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Sleep Apnea Wreaks Havoc on Your Metabolism

Finding supports use of CPAP therapy for condition, so blood pressure and blood sugar levels don't jump
(*this news item will not be available after 12/06/2017)
By Randy Dotinga
Thursday, September 7, 2017
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THURSDAY, Sept. 7, 2017 (HealthDay News) -- People who leave their sleep apnea untreated for just a short time may face a higher risk of spikes in blood sugar levels, stress hormones and blood pressure, a new study finds.

Even a few days of failing to treat sleep apnea can cause these levels to go up, researchers found. They say the findings support the ongoing use of continuous positive airway pressure (CPAP) devices to protect sleepers from airway closure due to sleep apnea.

"This is one of the first studies to show real-time effects of sleep apnea on metabolism during the night," said study senior author Dr. Jonathan Jun, an assistant professor of medicine at Johns Hopkins University School of Medicine in Baltimore.

An estimated 20 to 30 percent of adults have obstructive sleep apnea, which causes a person's airway to close multiple times per hour during sleep.

Sleep apnea causes daytime sleepiness and can kill people with the condition. Researchers haven't determined whether it's directly responsible for diabetes and heart disease, which -- along with obesity -- are more common in those with the condition.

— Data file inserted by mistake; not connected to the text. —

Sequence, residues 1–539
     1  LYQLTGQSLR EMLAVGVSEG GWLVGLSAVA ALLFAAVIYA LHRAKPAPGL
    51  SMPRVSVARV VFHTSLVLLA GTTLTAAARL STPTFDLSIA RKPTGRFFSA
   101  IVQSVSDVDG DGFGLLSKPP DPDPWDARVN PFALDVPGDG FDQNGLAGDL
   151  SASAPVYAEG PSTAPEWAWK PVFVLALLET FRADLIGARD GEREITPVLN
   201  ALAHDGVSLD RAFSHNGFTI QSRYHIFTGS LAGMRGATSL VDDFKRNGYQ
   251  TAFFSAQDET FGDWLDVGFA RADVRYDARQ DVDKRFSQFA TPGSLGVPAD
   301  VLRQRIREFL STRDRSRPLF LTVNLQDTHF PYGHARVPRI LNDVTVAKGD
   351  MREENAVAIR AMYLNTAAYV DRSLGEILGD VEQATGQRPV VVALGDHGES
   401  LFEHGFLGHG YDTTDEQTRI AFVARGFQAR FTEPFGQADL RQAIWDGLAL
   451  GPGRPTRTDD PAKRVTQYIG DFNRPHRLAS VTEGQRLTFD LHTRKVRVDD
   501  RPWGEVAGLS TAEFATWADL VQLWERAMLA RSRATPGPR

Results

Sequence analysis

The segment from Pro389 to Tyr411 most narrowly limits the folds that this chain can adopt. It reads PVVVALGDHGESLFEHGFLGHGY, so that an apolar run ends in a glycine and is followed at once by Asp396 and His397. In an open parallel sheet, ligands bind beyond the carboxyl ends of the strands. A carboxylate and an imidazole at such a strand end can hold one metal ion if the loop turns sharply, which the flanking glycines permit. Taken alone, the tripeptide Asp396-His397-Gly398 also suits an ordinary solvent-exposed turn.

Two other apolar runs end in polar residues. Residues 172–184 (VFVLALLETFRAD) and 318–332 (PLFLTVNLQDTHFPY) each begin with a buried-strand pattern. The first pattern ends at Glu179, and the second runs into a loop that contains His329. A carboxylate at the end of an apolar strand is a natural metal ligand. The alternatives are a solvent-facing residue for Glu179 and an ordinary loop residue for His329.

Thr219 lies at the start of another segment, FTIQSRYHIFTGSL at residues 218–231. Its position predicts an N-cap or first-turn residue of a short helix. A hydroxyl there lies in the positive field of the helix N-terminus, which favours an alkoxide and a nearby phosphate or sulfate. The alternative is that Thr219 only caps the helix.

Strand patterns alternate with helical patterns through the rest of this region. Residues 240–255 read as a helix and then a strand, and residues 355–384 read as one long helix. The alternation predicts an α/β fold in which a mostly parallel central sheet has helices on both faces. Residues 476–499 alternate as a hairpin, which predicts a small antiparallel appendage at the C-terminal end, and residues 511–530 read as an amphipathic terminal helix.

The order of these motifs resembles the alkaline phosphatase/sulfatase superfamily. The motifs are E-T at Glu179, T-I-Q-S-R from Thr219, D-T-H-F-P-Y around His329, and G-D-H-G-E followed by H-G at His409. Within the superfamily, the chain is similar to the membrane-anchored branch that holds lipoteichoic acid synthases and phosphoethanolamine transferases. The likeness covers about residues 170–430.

For the new study, Jun and his colleagues monitored 31 obese patients with an average age of 51 as they slept. Two-thirds were male, and most were white (65 percent).

All the subjects had moderate to severe obstructive sleep apnea and were monitored either while using a CPAP device or after not using it for two nights.

During the night, researchers measured levels of fatty acids in the blood, insulin, blood sugar and the stress hormone cortisol. The levels rose in those who hadn't used a CPAP device, and they rose more in those with the most severe cases of sleep apnea.

Researchers also found that blood pressure increased in the patients who hadn't used CPAP devices over the last couple of nights.

In a university news release, Jun said because only obese patients were observed in this study, findings may not apply to all people with sleep apnea, and further studies are needed. But he said the results provide more evidence that sleep apnea isn't just a manifestation of diabetes and cardiovascular disease, it can make these conditions worse.

The study was published recently in the Journal of Clinical Endocrinology & Metabolism.

SOURCE: Johns Hopkins Medicine, news release, Aug. 31, 2017

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